If you are experiencing thoughts of suicide:
You are not alone, even though you may feel that way. 10% of college students report thoughts of suicide in an academic year.
If you are one of the 10%:
DO talk with someone: a friend, a family member, roommate, counselor, nurse, physician, residence life staff, clergy, crisis line (see below) or faculty. Connectedness is one of the most important elements toward recovery and asking for help when you’re having a hard time is a sign of strength.
- Don't isolate yourself!
- Don't drink alcohol and use other drugs. Drugs and alcohol increase the risk of suicide.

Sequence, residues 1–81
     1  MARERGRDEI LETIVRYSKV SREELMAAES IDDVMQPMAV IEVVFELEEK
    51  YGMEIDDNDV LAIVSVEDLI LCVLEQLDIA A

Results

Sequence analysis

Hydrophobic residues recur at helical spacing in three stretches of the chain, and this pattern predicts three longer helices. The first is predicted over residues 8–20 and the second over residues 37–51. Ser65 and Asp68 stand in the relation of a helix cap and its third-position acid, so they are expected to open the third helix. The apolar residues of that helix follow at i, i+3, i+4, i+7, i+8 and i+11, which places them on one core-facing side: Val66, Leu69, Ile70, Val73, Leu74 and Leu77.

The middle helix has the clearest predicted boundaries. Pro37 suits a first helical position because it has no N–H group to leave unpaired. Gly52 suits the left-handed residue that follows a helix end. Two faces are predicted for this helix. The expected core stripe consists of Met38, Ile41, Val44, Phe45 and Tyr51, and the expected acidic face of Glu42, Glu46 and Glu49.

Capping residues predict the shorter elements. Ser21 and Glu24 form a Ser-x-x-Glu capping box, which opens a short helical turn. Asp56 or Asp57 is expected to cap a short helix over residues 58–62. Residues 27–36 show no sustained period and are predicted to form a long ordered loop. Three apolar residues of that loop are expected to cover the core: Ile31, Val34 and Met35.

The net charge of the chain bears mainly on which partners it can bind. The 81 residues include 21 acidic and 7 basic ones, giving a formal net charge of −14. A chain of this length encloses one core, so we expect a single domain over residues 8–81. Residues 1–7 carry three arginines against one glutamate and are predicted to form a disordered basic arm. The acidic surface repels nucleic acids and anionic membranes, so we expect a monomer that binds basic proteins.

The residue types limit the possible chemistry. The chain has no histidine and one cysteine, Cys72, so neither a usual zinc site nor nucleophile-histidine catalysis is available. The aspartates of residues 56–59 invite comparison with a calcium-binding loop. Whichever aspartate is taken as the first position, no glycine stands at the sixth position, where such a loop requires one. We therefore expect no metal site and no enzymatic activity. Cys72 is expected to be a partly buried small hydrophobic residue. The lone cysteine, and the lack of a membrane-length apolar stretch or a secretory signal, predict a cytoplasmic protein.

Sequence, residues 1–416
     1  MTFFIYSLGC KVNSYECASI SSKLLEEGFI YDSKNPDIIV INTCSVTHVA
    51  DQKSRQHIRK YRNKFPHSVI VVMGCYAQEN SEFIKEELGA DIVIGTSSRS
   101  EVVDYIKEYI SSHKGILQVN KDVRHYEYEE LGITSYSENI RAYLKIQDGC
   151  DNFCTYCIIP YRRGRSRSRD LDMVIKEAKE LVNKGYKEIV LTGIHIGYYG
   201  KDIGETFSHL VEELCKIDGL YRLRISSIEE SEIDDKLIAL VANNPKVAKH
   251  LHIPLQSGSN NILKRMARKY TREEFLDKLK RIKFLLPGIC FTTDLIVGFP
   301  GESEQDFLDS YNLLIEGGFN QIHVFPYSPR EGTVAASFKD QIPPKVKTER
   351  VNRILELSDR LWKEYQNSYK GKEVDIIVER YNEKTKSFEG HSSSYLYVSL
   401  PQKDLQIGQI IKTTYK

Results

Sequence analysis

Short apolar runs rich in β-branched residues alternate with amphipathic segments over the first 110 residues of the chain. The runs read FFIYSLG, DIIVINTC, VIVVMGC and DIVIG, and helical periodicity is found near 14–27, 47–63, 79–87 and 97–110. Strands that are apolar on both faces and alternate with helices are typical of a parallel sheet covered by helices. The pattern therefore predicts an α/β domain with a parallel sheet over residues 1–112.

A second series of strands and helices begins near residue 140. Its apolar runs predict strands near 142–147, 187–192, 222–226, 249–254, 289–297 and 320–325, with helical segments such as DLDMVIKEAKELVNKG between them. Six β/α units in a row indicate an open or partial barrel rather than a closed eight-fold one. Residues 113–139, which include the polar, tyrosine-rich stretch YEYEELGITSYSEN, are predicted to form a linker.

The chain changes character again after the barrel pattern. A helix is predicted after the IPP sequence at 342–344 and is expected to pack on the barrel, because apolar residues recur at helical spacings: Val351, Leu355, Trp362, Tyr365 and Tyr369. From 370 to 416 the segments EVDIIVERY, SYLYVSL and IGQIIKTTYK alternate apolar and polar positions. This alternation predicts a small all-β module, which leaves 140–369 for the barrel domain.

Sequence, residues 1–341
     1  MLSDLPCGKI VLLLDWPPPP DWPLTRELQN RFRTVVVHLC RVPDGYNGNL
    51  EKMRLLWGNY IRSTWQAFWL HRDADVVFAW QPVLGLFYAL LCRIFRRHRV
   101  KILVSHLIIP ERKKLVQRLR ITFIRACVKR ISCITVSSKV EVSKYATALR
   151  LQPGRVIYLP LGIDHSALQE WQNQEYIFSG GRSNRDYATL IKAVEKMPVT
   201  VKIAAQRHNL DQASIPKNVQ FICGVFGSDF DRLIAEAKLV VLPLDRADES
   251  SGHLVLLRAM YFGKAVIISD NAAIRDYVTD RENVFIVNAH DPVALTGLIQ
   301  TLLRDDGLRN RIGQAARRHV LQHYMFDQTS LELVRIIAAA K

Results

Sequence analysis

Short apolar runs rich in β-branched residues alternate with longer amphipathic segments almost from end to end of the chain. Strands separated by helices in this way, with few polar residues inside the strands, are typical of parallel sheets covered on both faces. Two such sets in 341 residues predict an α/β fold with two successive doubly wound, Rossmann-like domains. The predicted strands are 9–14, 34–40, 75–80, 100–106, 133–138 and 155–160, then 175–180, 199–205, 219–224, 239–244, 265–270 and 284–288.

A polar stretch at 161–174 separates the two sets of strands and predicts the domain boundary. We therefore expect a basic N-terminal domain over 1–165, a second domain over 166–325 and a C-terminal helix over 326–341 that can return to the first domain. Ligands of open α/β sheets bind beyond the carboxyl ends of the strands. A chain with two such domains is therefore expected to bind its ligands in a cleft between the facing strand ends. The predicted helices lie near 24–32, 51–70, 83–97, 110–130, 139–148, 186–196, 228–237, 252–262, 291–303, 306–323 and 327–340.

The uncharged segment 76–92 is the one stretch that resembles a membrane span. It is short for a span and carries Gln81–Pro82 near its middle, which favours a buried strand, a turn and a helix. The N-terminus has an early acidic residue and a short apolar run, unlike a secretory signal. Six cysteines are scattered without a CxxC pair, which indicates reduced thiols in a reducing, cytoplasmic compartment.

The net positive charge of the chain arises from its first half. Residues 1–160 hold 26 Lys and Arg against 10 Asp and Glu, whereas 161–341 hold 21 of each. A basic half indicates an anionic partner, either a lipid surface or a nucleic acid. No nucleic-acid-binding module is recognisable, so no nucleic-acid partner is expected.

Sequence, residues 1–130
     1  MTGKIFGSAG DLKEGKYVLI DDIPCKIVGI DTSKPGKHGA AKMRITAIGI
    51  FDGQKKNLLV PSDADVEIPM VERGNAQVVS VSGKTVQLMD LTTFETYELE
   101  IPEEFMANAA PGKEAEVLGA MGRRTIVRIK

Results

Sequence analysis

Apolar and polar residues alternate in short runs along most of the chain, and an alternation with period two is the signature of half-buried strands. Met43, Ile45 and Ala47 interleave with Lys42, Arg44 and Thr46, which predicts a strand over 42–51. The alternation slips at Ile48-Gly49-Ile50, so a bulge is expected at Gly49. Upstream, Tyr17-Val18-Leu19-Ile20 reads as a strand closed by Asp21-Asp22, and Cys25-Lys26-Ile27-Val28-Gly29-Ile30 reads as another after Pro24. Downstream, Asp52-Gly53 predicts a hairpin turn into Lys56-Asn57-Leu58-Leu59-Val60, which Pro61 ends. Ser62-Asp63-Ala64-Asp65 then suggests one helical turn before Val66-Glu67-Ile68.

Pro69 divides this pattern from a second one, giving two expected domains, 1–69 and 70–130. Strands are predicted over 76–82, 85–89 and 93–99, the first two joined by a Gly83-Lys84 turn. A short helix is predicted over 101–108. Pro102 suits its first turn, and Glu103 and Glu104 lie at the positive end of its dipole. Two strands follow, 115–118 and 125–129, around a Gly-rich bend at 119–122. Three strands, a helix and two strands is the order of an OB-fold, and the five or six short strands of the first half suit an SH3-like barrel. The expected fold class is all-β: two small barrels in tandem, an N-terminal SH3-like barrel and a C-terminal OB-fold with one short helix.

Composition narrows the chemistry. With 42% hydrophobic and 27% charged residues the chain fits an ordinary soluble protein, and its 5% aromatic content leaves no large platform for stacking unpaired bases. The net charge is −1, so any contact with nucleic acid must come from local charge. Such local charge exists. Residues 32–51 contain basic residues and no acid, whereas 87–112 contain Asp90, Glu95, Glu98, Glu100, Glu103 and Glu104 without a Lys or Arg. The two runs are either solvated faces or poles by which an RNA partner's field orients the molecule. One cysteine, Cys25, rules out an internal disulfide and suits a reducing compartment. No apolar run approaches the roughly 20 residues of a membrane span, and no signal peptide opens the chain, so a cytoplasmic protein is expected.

Whatever the reasons for considering suicide, PSU wants to help you find hope and a way to cope with your problems. The Center for Student Health and Counseling (SHAC) offers professional counseling and medical staff who can help you find your own reasons to stay alive. Often intense emotional distress can blind people to alternative solutions to suicide, yet other solutions are almost always available. Talking to someone can help you find those alternatives.
SHAC Counseling Service staff are experts when it comes to helping college students creatively solve their problems and reduce their pain. They can also provide medical assessment and medication related to emotional challenges.
If you are concerned that someone you know may be at risk for suicide, the best way to help begins with asking them. They will appreciate your concern and the connection with you can be the beginning of their recovery. You can also get more information from the Half of US website.
24-Hour Crisis Resources
- Multnomah County Crisis Line (24-HR), 503.988.4888
- National Suicide Prevention Lifeline, 1.800.273.TALK (1.800.273.8255)